Because the first book of most professional philosophers is a revised dissertation, Watson presents a plan for writing that dissertation in such a way that its chapters will serve as publishable articles and the dissertation itself will need very little rewriting as a book. His discussion of the principles of reason, clarity, and argument ranges from such topics as dangling participles and the proper usage of ellipses to matters of categorization and univocity.

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In Beyond Mammoth Cave: A Tale of Obsession in the World’ s Longest Cave, James D. Borden and Roger W. Brucker provide gripping first-person accounts of the discoveries, including Roppel Cave, that made Kentucky’ s Mammoth Cave three times longer than any other cave in the world.

Borden, a relative newcomer, and Brucker, a veteran explorer, bring a personal and sometimes conflicting view of their roles as adversaries in a race that lasted from 1972 through 1983 to find “ big cave.” They describe hazardous adventures, precarious climbs, and close calls from falling rocks. The perils are many and the trek arduous as they squirm through muddy tubes, wade in neck-deep cold water, and crawl over sharp rocks and gritty sand. Theirs is a tale of agonizing endurance spiced by spectacular discoveries.

But the cave was not the sole obstacle. The explorations were complicated by political intrigue and the rivalry between the Kentucky-based Cave Research Foundation and the Central Kentucky Karst Coalition, each seeking to make discoveries and hide secrets. Extreme stress, of course, evoked extreme behavior, ranging from selfishness to sacrifice, from outrageous humor to the deadly serious response.

Beyond Mammoth Cave includes maps by Patricia Kambesis that show the progression of cave discoveries in relation to the topography. Original line drawings by well-known illustrator Linda Heslop capture the dark mystery of the exploration. The book features five black and white photographs as a color gallery of photographs.

A sequel to The Longest Cave by Brucker and Richard A. Watson, this book is a comprehensive update of the speleological investigations in the Mammoth Cave region. Brucker’ s involvement provides continuity to the investigation.

In Beyond Mammoth Cave: A Tale of Obsession in the World’ s Longest Cave, James D. Borden and Roger W. Brucker provide gripping first-person accounts of the discoveries, including Roppel Cave, that made Kentucky’ s Mammoth Cave three times longer than any other cave in the world.

Borden, a relative newcomer, and Brucker, a veteran explorer, bring a personal and sometimes conflicting view of their roles as adversaries in a race that lasted from 1972 through 1983 to find “ big cave.” They describe hazardous adventures, precarious climbs, and close calls from falling rocks. The perils are many and the trek arduous as they squirm through muddy tubes, wade in neck-deep cold water, and crawl over sharp rocks and gritty sand. Theirs is a tale of agonizing endurance spiced by spectacular discoveries.

But the cave was not the sole obstacle. The explorations were complicated by political intrigue and the rivalry between the Kentucky-based Cave Research Foundation and the Central Kentucky Karst Coalition, each seeking to make discoveries and hide secrets. Extreme stress, of course, evoked extreme behavior, ranging from selfishness to sacrifice, from outrageous humor to the deadly serious response.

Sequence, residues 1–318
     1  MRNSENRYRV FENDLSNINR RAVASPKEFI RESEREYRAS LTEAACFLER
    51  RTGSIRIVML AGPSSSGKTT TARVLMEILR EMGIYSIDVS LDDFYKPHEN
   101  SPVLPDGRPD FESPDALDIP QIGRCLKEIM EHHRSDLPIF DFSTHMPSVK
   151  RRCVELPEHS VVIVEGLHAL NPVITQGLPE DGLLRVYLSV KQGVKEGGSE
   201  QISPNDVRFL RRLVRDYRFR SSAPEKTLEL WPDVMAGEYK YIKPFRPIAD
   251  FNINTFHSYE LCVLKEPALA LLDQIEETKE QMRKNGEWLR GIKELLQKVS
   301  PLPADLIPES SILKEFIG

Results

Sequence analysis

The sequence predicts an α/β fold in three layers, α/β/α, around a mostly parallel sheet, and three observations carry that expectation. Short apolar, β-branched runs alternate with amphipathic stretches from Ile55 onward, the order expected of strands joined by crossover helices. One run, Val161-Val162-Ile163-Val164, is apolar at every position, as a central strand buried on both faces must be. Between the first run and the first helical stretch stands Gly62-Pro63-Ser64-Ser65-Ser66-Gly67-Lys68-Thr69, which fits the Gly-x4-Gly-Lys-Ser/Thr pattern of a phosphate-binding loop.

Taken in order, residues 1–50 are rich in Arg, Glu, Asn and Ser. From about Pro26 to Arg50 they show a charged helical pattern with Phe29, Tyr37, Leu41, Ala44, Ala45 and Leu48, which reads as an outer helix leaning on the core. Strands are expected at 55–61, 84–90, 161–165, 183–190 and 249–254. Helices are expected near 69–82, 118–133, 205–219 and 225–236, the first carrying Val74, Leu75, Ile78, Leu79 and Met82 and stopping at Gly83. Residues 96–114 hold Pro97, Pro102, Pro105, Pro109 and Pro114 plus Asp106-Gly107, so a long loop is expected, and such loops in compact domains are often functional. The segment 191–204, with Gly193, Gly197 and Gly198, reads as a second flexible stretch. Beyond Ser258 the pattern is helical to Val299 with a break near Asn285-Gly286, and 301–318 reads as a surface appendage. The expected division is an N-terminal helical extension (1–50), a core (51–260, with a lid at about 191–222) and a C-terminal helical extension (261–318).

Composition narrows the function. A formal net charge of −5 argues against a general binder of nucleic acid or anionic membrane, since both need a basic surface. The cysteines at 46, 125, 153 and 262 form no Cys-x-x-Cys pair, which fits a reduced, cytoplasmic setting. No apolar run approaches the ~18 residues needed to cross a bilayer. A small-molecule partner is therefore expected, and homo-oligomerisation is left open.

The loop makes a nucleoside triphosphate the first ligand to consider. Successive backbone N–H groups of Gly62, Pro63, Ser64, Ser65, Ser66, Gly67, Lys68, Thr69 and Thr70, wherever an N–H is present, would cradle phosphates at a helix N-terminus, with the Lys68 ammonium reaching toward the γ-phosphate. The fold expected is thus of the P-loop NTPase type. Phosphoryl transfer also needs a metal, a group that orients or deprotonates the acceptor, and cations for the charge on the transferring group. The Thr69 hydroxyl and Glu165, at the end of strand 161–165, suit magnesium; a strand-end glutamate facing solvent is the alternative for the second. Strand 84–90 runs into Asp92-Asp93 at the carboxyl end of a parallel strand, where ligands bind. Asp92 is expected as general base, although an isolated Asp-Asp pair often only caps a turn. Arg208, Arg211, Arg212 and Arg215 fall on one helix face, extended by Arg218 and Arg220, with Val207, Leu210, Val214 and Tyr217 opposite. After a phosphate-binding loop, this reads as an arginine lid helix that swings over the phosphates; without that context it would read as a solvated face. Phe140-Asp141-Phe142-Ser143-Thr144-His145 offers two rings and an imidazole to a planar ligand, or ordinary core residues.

Beyond Mammoth Cave includes maps by Patricia Kambesis that show the progression of cave discoveries in relation to the topography. Original line drawings by well-known illustrator Linda Heslop capture the dark mystery of the exploration. The book features five black and white photographs as a color gallery of photographs.

A sequel to The Longest Cave by Brucker and Richard A. Watson, this book is a comprehensive update of the speleological investigations in the Mammoth Cave region. Brucker’ s involvement provides continuity to the investigation.

In Beyond Mammoth Cave: A Tale of Obsession in the World’ s Longest Cave, James D. Borden and Roger W. Brucker provide gripping first-person accounts of the discoveries, including Roppel Cave, that made Kentucky’ s Mammoth Cave three times longer than any other cave in the world.

Borden, a relative newcomer, and Brucker, a veteran explorer, bring a personal and sometimes conflicting view of their roles as adversaries in a race that lasted from 1972 through 1983 to find “ big cave.” They describe hazardous adventures, precarious climbs, and close calls from falling rocks. The perils are many and the trek arduous as they squirm through muddy tubes, wade in neck-deep cold water, and crawl over sharp rocks and gritty sand. Theirs is a tale of agonizing endurance spiced by spectacular discoveries.

But the cave was not the sole obstacle. The explorations were complicated by political intrigue and the rivalry between the Kentucky-based Cave Research Foundation and the Central Kentucky Karst Coalition, each seeking to make discoveries and hide secrets. Extreme stress, of course, evoked extreme behavior, ranging from selfishness to sacrifice, from outrageous humor to the deadly serious response.

Beyond Mammoth Cave includes maps by Patricia Kambesis that show the progression of cave discoveries in relation to the topography. Original line drawings by well-known illustrator Linda Heslop capture the dark mystery of the exploration. The book features five black and white photographs as a color gallery of photographs.

A sequel to The Longest Cave by Brucker and Richard A. Watson, this book is a comprehensive update of the speleological investigations in the Mammoth Cave region. Brucker’ s involvement provides continuity to the investigation.